Office of Child Advocate Releases New Report for Waterbury Public Schools

There were 200 calls made to police in the 2018-2019 school year

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Connecticut's Office of Child Advocate has released a report detailing the need for mental health resources inside Waterbury Public Schools.

The report comes just one week before the district is set to start the new school year.

According to the 34-page document, the Office of the Child Advocate found that police were called at least 200 times to respond to student behavioral concerns during the 2018-2019 school year. The report sheds light on the need for more funding to equip schools and teachers with the right tools they need to better assist students.

School support and resources are two primary focuses in the state's latest child advocate investigation.

Sarah Eagan is the state's child advocate and was in charge of overseeing the investigation.

"I think in today's learning environment more than ever, social-emotional-learning is foundational to teaching and being a student," said Eagan.

According to the report, police were dispatched to elementary and middle schools to help assist with behavioral concerns classified as interventions at schools.

The investigation found that some students were put in handcuffs and detained.

"The call to having police respond to schools is what we have to move away from," said Eagan.

OCA found that more than 198 police reports are from calls made from elementary schools and schools with pre-K through eighth graders. The document notes that some of the children involved were as young as 4 and 5 and at least 141 Connecticut children under the age of 12 were referred to the court in 2018.

"One of the things we were really struck by these hundreds of police reports was how many young children yet as young as 8, 9, 10 years old were engaged in self-injury even suicidal behavior," said Eagan. "We have to get serious about the prevention in our schools and reimagine embedding mental health support in schools."

If you would like to read the report, click here.

Waterbury Public Schools issued this statement to NBC Connecticut:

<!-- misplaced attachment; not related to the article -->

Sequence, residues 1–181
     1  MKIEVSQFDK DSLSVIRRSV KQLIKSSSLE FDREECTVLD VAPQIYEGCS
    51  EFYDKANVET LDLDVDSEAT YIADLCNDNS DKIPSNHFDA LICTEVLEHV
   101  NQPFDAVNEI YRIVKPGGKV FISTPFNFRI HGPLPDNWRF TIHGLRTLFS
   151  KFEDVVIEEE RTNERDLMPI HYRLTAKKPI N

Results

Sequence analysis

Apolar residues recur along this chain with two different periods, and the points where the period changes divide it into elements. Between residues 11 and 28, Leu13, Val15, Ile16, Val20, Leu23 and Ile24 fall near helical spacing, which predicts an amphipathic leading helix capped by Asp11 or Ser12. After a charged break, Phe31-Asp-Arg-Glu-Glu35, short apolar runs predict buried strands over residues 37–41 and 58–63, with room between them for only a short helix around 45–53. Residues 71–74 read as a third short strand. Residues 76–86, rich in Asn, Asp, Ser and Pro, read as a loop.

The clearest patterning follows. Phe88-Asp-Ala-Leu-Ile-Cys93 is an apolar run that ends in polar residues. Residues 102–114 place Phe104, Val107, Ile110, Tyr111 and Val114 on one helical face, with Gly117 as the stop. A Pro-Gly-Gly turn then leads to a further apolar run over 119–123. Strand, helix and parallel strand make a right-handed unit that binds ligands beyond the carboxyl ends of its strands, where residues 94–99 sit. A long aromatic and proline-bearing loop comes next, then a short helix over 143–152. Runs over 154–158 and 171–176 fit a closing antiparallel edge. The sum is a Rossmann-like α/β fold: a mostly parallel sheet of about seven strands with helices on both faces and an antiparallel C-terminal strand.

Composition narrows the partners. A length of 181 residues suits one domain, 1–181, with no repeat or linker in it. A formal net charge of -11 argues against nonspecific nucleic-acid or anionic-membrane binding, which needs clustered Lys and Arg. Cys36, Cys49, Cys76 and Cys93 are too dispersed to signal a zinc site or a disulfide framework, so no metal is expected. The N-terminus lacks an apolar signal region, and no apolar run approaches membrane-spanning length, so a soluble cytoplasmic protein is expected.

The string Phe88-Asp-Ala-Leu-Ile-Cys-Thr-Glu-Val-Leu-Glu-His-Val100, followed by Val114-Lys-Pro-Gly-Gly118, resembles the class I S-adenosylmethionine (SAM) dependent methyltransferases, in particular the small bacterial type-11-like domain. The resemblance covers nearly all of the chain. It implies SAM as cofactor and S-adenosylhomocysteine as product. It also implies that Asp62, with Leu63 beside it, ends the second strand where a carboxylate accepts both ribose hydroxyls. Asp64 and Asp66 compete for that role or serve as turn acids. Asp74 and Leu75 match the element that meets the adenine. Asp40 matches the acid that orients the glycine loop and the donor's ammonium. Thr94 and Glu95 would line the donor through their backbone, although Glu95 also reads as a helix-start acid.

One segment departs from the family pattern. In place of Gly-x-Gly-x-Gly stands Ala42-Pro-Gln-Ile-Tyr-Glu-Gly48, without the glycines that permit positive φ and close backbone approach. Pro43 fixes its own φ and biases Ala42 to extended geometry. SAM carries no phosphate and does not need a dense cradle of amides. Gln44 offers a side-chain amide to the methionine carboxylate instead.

"Waterbury Public Schools is troubled by the findings of the Office of the Child Advocate and we continue to review and implement services and supports for our most vulnerable students and to respond to students in crisis. Currently, we are transforming our crisis prevention model to Safety Care intervention, a nationally recognized model grounded in applied behavioral analysis and de-escalation techniques, with 300 staff members participating in professional development today and tomorrow.

"A number of the incidents referenced in the report took place in our BDLC (Behavioral Disorder Learning Center) program. Waterbury recognizes the need to provide a robust and preventative model for its BDLC program. Under the new administrative structure, the Waterbury Pupil Services Department is actively redesigning the BDLC program to better meet the needs of students. In the Summer of 2020, a Professional Learning Community (PLC) composed of Special Education Supervisors and Principals began re-writing the entrance protocols for the BDLC program. In the redesign of the BDLC, programs will be revised to focus on more positive aspects of supporting students. The programmatic and curricular redesign work will begin in the fall, with teachers joining the PLC.

"Waterbury will also be undertaking a districtwide approach to Social-Emotional Learning for ALL students, not specific to only special education students, providing ongoing trauma training to our staff inclusive of school guidance counselors, paraprofessionals, behavior technicians, prevention specialists, school psychologists, social workers, and speech/language pathologists."

NBC Connecticut also reached out to the State Department of Education about funding to help students and teachers:

The department will devote CARES Act funding to supplement the development of a statewide SEL framework that will support educator professional learning and implementation of evidence-based programs. In addition, the department will:

  • Provide professional learning through RESCs and SERC to support educators in providing social and emotional supports;
  • Provide resources to districts for delivery of general behavioral and mental health screening; and
  • Promote the implementation of universal SEL curriculum/programming at the district level and secure resources for outreach or professional learning on Equity, Implicit Bias, and Inclusion.
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